Haigh met the couple when he was viewing their flat, pretending to be interested in purchasing it from them. Rose found out that Haigh played the piano and asked him to play at their housewarming party at their new property. Whilst at the party, Haigh stole the doctor's gun.
Dr Archibald and Rose Henderson via murderpedia.org
Haigh invited Dr Henderson to the workshop in Crawley to show him an invention he had been working on. Instead, Haigh shot the doctor in the head with the gun he'd stolen from him previously. He then contacted Rose Henderson to tell her that her husband had fallen ill and needed to come to Crawley. He also shot her dead on her arrival and disposed of the bodies in the barrels once again.
He then forged a letter in the doctor's name to ensure he was given control of their assets and sold all of the possessions, amounting to £8,000. He kept their car and their dog.
By 1949, Haigh was still living in the Onslow Court Hotel and was calling himself an engineer. However, he was running out of money again, so he sought out his final victim.
Olive, 69, was a wealthy widow who also lived at the Onslow Court Hotel. She knew Haigh was supposedly an engineer, so she told him about her idea for false fingernails. Haigh took the opportunity to invite Olive to his workshop in Crawley.
Olive Durant-Deacon via thehistorypress.co.uk
On the 18th February 1949, Olive travelled the hour journey with him to his workshop, where he shot her in the neck with Dr Henderson's revolver. He removed her jewellery and the expensive black Persian fur coat she was wearing and put her into the acid bath.
Olive's friend, Constance Lane, reported her missing two days later.
Sergeant Alexandra Lambourne was assigned to Olive's case and visited Constance Lane. Constance told Sergeant Lambourne that Olive was an aloof woman who disliked people and crowds and was strong-minded. She said she always wore specific jewellery, including rings and a pearl necklace, whenever she left her hotel room.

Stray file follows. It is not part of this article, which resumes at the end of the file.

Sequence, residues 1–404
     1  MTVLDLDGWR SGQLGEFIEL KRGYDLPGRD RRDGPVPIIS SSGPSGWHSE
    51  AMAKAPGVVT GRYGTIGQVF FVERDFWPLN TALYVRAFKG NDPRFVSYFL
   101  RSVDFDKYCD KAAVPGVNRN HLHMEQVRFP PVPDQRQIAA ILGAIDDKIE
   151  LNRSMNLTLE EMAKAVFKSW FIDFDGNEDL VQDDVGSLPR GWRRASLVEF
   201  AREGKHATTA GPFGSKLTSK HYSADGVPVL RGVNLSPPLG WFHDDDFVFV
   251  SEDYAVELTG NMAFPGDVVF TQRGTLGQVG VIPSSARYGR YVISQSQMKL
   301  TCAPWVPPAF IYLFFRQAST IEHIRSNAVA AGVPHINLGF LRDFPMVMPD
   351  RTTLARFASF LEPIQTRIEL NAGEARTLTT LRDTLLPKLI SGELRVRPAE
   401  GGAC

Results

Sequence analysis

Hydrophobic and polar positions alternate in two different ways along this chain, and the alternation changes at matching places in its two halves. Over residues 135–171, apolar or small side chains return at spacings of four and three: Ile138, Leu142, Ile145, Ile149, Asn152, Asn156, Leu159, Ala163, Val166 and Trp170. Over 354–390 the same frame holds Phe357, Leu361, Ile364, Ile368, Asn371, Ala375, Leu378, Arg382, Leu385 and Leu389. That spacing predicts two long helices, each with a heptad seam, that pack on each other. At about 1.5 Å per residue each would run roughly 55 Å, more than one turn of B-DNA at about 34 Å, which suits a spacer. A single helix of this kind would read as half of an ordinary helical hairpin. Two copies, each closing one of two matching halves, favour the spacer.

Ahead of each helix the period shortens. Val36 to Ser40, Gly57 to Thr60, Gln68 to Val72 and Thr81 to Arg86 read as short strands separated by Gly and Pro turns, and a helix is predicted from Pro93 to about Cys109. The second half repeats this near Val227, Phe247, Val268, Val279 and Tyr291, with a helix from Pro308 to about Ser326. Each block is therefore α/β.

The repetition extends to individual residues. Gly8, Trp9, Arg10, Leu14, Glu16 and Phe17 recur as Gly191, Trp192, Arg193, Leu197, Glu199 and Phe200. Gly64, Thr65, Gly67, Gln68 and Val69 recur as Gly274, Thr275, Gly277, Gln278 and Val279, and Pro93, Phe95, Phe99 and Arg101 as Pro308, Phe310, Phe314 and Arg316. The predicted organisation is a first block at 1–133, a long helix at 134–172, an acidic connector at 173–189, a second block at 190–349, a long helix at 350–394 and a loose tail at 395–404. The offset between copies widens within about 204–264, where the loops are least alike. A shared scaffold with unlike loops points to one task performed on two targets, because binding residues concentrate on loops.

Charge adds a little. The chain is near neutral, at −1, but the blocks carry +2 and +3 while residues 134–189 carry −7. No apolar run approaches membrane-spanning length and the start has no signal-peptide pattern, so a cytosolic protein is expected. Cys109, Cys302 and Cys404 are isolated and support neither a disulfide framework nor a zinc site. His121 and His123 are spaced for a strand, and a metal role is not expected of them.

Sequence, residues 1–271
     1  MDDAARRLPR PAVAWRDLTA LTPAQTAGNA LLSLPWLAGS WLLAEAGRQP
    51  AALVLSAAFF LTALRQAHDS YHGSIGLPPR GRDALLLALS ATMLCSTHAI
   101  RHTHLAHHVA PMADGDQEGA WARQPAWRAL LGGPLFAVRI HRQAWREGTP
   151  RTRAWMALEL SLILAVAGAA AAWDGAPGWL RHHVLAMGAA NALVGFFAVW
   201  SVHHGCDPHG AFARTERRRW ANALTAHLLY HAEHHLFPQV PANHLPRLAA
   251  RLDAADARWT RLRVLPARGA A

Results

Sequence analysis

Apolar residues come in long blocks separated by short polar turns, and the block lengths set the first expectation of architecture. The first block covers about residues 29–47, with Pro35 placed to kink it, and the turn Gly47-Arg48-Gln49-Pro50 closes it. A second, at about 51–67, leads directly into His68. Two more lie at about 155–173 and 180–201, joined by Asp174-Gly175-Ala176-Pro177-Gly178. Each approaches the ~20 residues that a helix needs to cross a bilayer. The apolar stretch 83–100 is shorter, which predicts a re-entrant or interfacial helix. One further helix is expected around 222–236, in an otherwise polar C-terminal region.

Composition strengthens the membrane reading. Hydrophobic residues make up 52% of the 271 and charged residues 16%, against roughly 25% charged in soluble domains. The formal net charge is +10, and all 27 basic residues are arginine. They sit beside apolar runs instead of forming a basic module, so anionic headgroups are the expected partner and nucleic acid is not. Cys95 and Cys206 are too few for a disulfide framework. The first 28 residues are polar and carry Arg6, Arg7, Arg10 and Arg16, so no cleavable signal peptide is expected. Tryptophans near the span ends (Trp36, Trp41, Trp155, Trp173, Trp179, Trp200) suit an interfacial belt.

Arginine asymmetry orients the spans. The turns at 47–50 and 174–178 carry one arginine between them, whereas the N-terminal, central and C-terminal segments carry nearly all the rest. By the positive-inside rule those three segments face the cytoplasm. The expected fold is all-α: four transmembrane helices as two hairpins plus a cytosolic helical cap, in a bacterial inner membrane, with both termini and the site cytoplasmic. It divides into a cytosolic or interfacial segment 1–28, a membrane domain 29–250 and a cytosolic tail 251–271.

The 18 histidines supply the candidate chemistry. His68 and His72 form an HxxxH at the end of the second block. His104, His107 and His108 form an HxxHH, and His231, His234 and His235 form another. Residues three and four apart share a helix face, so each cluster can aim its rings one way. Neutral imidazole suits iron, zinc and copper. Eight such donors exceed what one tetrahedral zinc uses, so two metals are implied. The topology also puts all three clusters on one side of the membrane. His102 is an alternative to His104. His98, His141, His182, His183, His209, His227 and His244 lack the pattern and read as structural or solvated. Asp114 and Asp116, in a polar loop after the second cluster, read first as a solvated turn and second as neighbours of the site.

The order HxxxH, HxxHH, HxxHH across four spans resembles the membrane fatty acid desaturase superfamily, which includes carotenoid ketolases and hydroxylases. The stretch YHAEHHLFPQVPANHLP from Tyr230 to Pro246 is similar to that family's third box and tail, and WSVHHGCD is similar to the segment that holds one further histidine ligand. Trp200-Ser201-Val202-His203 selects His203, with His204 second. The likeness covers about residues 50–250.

Sergeant Lambourne spoke to John Haigh, who told her that he saw Olive before she left the hotel that day and that she was wearing her statement black Persian fur coat. Lambourne found it odd that Haigh lived in a hotel whose occupants were mainly older people. She had an uneasy feeling about Haigh and thought he may be involved.
A description was sent out to all police divisions by Inspector Symes, but by that evening, he had started looking into Haigh due to Lambourne's comments.
Symes and Detective Inspector Webb went back to the Onslow to question the hotel manager, Miss Robbie. She told them that she had never seen any visitors with Haigh and that he wore expensive clothes and drove flashy cars. He was also late paying for his room recently, which he had eventually settled two days before Olive went missing.
Symes and Webb went upstairs to speak to Haigh in his room, where he invited them in. He recalled the same statement he'd told Lambourne earlier in the day. He added that Olive was carrying a red bag when she had left the lobby.
What Haigh didn't realise was that Inspector Symes already knew him. He had questioned Haigh years earlier and knew he was a con man.
Back at the station, Symes ordered a record search on John George Haigh from Scotland Yard. The search came back with all of Haigh's convictions, and it detailed his history with crime. However, a white-collar crime like fraud didn't usually amount to murder, so he wasn't initially convinced that Haigh had killed Olive.
By the following day, Olive's image was in the newspapers and distributed to taxi drivers, but no one had seen her since her departure from the hotel. Finally, another occupant of the Onslow Court Hotel came forward to tell police that she had seen Olive in the hotel's lobby that morning. Olive had told the witness that she was driving to Crawley with Mr Haigh. He had been the only witness to see her alleged solo departure from the hotel that day. Symes set about getting inside of the workshop in Crawley.
Workshop exterior via murderpedia.org
The inside of the workshop was sparse, with a few boxes, tools, and empty bottles of sulphuric acid littered the sideboards. The windows were painted over, and little light entered the building. The only item that looked out of place was a locked leather hatbox, which was taken into evidence.